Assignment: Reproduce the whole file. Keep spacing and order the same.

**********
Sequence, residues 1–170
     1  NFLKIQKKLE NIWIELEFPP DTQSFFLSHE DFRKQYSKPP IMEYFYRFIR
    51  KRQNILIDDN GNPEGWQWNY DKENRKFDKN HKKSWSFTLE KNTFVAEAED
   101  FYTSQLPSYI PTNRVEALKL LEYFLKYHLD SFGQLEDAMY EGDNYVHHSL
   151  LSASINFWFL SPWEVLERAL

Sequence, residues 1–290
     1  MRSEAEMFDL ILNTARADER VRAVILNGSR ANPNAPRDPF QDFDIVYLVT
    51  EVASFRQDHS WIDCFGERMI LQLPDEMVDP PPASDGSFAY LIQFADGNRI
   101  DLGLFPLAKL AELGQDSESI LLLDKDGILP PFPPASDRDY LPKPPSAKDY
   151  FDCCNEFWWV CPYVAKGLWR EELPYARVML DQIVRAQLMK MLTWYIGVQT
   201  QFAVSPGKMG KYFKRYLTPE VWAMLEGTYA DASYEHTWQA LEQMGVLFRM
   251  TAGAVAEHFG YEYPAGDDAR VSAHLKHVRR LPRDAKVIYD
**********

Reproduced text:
Sequence, residues 1–170
     1  NFLKIQKKLE NIWIELEFPP DTQSFFLSHE DFRKQYSKPP IMEYFYRFIR
    51  KRQNILIDDN GNPEGWQWNY DKENRKFDKN HKKSWSFTLE KNTFVAEAED
   101  FYTSQLPSYI PTNRVEALKL LEYFLKYHLD SFGQLEDAMY EGDNYVHHSL
   151  LSASINFWFL SPWEVLERAL

Sequence, residues 1–290
     1  MRSEAEMFDL ILNTARADER VRAVILNGSR ANPNAPRDPF QDFDIVYLVT
    51  EVASFRQDHS WIDCFGERMI LQLPDEMVDP PPASDGSFAY LIQFADGNRI
   101  DLGLFPLAKL AELGQDSESI LLLDKDGILP PFPPASDRDY LPKPPSAKDY
   151  FDCCNEFWWV CPYVAKGLWR EELPYARVML DQIVRAQLMK MLTWYIGVQT
   201  QFAVSPGKMG KYFKRYLTPE VWAMLEGTYA DASYEHTWQA LEQMGVLFRM
   251  TAGAVAEHFG YEYPAGDDAR VSAHLKHVRR LPRDAKVIYD